Hardy and graceful, rowan loves high altitudes and tolerates acidic soils. Like birch, rowan is a pioneer species providing shelter for other trees, which will eventually dwarf the rowan which only reaches a height of 10-15m. Rowan is also known as mountain ash, though it is not of the ash family but of the rose, along with hawthorn, cherry and apple. Its abundant red berries are an invaluable food source for birds such as blackbird, mistle thrush, redstart, redwing, song thrush, fieldfare and waxwing. Inside the bird’s stomach the seeds are stripped of their protective coating enabling germination as the bird inadvertently distributes the seeds far and wide. In May, rowan’s creamy white blossom is a feast for bees, butterflies and wasps. Deer enjoy the lichen, bark and foliage of rowan and the leaves are food for caterpillars of moths.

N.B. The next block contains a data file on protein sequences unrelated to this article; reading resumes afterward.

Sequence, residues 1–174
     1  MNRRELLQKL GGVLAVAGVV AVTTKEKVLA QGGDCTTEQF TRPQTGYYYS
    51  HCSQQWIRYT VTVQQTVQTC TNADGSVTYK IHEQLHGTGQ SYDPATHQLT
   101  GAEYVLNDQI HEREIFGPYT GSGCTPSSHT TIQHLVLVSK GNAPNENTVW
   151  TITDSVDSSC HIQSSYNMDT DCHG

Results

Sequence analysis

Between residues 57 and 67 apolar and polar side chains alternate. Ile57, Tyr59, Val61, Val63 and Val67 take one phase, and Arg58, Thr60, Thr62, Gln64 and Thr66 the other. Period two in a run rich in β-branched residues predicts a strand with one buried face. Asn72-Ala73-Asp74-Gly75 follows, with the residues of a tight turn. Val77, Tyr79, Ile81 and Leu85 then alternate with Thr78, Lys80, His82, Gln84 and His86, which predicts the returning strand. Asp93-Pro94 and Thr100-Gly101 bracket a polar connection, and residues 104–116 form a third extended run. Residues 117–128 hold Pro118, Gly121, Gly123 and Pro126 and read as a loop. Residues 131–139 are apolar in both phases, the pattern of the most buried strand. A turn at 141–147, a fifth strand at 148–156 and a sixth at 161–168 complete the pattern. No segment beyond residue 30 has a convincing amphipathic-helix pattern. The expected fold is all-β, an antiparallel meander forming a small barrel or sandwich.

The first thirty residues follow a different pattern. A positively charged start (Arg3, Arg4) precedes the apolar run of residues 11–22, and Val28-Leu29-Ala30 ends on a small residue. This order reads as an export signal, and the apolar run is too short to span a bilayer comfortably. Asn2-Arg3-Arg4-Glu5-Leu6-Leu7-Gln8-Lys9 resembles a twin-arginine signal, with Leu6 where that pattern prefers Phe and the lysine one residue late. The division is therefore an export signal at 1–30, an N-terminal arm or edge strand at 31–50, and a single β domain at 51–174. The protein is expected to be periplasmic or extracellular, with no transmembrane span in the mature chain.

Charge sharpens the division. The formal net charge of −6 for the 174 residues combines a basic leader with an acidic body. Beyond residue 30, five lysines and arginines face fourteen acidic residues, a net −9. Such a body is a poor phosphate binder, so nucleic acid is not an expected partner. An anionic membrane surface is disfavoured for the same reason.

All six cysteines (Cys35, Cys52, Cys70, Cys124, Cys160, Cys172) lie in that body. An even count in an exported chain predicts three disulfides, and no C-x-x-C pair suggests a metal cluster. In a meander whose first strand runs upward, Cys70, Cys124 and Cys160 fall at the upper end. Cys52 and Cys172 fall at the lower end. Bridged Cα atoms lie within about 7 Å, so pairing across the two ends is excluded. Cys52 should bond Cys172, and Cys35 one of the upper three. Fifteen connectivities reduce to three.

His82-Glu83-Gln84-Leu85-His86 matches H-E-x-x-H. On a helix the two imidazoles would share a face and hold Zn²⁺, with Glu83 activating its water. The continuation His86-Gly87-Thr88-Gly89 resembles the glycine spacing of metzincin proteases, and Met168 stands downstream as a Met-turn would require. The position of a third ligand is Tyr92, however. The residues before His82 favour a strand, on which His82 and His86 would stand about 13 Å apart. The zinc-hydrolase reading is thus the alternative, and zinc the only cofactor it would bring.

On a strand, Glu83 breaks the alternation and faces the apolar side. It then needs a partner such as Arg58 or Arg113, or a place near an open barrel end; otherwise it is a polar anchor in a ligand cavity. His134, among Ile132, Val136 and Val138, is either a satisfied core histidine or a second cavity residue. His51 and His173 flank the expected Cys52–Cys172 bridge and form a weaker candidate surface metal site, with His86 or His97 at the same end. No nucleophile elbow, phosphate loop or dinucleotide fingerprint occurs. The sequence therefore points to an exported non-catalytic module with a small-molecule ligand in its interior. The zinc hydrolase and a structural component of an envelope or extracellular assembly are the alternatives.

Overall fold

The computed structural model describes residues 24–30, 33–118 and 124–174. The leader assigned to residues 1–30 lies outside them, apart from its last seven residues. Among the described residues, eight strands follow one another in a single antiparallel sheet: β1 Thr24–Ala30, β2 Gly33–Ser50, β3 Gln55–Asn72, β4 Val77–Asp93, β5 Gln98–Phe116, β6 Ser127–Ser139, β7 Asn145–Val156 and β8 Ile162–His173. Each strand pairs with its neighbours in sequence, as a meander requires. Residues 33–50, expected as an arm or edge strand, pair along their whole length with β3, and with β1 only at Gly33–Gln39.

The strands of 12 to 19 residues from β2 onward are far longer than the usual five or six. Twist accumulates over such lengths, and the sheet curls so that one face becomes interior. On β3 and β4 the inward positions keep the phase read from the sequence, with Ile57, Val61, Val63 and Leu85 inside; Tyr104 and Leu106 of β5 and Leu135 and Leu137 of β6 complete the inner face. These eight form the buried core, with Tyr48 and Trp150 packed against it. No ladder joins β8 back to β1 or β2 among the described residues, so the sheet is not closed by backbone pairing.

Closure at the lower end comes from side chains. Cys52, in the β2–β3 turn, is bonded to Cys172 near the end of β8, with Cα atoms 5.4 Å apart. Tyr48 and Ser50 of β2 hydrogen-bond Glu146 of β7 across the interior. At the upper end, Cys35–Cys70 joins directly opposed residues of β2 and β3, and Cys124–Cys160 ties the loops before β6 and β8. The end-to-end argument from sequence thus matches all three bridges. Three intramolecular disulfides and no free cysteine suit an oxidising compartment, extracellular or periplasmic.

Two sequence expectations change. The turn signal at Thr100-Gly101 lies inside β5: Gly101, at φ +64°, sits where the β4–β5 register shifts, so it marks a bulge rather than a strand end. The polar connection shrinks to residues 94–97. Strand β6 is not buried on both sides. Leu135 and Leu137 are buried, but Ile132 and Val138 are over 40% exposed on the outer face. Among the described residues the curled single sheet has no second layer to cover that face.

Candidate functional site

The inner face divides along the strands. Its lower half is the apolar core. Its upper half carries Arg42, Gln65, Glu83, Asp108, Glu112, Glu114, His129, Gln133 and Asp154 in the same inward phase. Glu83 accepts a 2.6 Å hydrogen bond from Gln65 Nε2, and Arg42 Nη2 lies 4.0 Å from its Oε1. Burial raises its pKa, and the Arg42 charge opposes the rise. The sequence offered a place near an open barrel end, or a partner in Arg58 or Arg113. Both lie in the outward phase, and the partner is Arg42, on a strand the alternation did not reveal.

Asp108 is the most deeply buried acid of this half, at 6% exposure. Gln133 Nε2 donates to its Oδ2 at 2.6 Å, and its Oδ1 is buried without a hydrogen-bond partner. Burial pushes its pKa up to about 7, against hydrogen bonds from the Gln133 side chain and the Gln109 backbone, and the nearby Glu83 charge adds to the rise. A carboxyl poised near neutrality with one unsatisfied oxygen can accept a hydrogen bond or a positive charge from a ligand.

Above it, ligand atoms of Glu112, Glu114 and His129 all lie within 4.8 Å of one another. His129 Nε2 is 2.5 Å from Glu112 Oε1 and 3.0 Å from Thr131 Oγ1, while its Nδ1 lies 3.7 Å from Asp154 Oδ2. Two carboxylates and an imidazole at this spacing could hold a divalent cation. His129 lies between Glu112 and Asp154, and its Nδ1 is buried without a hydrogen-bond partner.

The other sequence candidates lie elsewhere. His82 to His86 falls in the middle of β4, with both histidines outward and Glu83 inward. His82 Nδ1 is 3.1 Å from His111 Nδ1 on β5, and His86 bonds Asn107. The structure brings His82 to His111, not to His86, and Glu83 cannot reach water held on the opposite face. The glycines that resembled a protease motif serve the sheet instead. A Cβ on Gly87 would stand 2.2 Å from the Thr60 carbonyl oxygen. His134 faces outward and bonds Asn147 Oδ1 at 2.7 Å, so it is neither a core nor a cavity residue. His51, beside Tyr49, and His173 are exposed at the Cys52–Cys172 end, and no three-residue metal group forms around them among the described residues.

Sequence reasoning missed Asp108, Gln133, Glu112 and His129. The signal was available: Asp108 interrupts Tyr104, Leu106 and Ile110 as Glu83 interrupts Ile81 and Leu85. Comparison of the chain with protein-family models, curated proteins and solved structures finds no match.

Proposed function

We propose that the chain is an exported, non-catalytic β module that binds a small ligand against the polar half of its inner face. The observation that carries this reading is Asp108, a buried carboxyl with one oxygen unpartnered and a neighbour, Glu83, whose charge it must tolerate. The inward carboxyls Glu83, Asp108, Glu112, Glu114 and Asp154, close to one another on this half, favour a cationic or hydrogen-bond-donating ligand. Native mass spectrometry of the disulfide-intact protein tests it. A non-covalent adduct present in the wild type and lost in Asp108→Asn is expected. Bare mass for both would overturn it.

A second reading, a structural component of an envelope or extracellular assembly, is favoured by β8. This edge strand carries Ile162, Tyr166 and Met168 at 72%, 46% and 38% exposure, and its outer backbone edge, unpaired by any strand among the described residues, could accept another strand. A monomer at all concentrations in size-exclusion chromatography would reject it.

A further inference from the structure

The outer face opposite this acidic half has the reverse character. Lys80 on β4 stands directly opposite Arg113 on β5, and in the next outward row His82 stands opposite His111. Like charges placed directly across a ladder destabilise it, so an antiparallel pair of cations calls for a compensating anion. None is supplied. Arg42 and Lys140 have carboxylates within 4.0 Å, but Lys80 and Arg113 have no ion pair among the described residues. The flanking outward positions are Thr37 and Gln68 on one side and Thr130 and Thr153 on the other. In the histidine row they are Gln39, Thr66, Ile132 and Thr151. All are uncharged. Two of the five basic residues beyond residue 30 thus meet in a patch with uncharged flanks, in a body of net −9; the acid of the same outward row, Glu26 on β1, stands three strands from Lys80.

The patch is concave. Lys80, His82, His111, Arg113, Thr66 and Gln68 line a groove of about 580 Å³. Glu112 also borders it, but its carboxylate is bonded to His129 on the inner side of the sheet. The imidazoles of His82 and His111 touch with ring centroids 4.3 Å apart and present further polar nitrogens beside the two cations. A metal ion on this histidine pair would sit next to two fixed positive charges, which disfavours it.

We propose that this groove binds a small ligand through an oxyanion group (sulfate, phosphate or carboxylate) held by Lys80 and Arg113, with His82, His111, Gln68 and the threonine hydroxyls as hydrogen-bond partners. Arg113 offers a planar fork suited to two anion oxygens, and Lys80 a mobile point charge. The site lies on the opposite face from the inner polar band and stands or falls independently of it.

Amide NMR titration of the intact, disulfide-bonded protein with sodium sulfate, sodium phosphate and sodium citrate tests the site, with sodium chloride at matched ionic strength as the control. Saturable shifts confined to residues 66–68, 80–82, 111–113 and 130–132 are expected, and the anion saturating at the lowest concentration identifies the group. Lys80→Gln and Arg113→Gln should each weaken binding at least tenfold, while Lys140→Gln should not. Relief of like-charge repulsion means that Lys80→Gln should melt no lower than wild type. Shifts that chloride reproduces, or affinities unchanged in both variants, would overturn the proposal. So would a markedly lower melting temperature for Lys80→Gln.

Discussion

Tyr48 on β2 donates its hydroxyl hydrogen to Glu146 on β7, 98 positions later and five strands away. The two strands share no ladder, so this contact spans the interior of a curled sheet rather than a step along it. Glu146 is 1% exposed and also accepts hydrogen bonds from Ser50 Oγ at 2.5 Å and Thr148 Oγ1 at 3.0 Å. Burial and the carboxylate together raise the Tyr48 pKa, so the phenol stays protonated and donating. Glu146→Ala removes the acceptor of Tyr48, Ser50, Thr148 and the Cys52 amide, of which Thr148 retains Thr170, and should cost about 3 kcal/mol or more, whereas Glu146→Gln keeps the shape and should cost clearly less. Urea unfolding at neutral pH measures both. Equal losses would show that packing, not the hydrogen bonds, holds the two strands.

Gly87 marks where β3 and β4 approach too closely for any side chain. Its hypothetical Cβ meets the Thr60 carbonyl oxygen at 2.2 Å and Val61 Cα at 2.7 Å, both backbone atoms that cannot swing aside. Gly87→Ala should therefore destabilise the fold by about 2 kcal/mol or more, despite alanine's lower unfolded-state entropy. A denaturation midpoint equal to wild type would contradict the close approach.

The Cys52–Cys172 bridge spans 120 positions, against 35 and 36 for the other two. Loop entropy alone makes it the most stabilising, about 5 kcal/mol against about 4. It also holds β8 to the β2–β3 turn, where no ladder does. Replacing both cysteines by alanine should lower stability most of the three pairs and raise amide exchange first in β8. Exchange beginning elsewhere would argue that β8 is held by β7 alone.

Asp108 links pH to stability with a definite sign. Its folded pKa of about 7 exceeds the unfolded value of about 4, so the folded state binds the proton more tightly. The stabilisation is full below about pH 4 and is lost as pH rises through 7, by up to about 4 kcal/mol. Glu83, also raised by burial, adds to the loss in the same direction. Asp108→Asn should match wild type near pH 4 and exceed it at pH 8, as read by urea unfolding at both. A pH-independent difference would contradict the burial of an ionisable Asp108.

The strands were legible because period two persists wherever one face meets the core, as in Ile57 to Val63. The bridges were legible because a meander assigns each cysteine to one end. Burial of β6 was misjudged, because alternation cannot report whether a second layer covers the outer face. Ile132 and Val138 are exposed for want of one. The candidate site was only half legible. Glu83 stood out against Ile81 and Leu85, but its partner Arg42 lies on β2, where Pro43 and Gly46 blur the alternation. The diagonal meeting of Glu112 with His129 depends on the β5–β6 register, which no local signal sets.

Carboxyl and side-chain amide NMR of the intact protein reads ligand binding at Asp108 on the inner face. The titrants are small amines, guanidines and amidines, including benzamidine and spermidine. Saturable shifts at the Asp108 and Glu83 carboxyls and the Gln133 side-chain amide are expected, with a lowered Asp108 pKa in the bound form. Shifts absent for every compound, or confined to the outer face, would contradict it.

When cooked, rowan berries are highly nutritious to humans and are made into jellies and jams, used in pies, mixed with apple to make wine and here in Wales are brewed into a fine ale. Rowan has traditionally been used to make spindles and spinning wheels as well as walking sticks and tool handles. The bark and berries have been used to make a black dye and the bark was at one time used in the tanning process.
There is a folk belief that to consume rowan berries adds a year to a person’s life.
Status at Cambrian Wildwood: Present